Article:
Reality TV shows are often nothing but a cesspool of one or all of the following: cat-fighting, bickering, hooking up, and has-been celebrities (or celebrities who have never made it above the C-list). The reputation that these shows have -- that it's just mindless entertainment -- is something I've often disputed, especially when it comes to shows like 16 and Pregnant, Teen Mom, and the Real Housewives series. I think this is especially true in tonight's Real Housewives of Beverly Hills reunion special (part one), during which Taylor Armstrong's abusive relationship with her late husband Russell was discussed in pretty candid detail.
Yes, these vivid descriptions of emotional and physical abuse -- coupled with the psychological trauma they cause -- were sandwiched between arguments about Lisa calling Adrienne's dog "Crackpot" instead of "Jackpot," and debates about who sells stories to tabloids. But what Taylor shared with the world provides an honest look at domestic violence that people need to know about -- it's not as simple as Russell yelling at her or hitting her, and then her leaving. It's a continuous cycle that is complicated; that pushes people away; that leaves people feeling empty and lost.
"I would often say, 'Just hit me so we can get this over with,'" Taylor told host Andy Cohen, concerning Russell's abuse. She explained that it gets to be routine, that it becomes easier not to fight the inevitable rather than make things worse. That she was at such a loss for how to stop the domestic violence, she invited cameras from BravoTV into her home in hopes that their watchful gaze would reduce Russell's violent behavior. Adrienne commented that she thinks the cameras saved Taylor's life -- I agree.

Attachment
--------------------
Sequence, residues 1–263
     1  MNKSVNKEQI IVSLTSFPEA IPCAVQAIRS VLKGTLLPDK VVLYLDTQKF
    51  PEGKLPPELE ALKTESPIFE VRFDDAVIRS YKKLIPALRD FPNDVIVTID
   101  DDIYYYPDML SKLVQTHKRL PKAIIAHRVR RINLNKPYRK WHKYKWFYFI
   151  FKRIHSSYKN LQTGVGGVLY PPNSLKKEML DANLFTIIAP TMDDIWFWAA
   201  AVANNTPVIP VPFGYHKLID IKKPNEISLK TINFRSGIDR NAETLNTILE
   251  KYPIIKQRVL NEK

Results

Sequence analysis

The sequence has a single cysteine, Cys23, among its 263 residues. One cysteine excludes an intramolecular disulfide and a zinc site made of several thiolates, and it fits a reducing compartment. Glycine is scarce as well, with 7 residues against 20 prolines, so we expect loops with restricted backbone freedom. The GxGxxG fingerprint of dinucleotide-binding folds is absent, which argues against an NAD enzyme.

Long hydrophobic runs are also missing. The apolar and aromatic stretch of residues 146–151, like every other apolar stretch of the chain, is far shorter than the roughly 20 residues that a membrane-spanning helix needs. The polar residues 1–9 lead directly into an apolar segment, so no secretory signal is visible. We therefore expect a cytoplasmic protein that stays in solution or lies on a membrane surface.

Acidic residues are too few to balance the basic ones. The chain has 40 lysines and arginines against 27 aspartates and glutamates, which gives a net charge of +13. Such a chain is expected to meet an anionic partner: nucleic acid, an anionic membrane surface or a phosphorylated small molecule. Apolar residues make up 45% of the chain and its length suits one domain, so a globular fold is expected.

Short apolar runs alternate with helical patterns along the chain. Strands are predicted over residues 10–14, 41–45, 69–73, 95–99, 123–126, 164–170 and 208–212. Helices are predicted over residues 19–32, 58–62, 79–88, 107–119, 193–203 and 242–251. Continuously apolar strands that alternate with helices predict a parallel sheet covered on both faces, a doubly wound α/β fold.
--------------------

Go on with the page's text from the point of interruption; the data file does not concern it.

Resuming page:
According to the National Coalition Against Domestic Violence, one-third of female homicide victims were killed by their partner. In 70 to 80 percent of intimate partner homicide cases, the man had a history of abusing the woman. There are 16,800 domestic partner homicides each year -- a number higher than the death rate of HIV, emphysema, or gun-related assaults that ended in death. Russell's rage was so uncontrollable that, according to Taylor's new memoir, he once told her that he was afraid he was going to kill her.
In the end, the cameras did put pressure on Russell to shape up, as he lamented Bravo's painting him as a villain during the show's first season. He blamed the show for slanderously ruining his life, career, and marriage, but more than anything I think he really blamed the show for putting a spotlight on his abusive ways and for publicizing his abusive actions -- something he most certainly wanted to keep private.
Her plan was an interesting twist that showcased both her privilege and vulnerability -- few women could end abuse by inviting cameras from a reality show inside their homes, yet her struggle was similar to any woman of any class who is dealing with domestic violence -- she was trapped in a state of financial insecurity, destroyed self-confidence, and constant fear.